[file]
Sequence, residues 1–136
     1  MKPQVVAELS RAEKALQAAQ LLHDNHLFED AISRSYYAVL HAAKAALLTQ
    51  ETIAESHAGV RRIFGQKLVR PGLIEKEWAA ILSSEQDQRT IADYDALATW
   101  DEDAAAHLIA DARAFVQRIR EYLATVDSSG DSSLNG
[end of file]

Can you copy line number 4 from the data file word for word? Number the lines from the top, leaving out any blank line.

   101  DEDAAAHLIA DARAFVQRIR EYLATVDSSG DSSLNG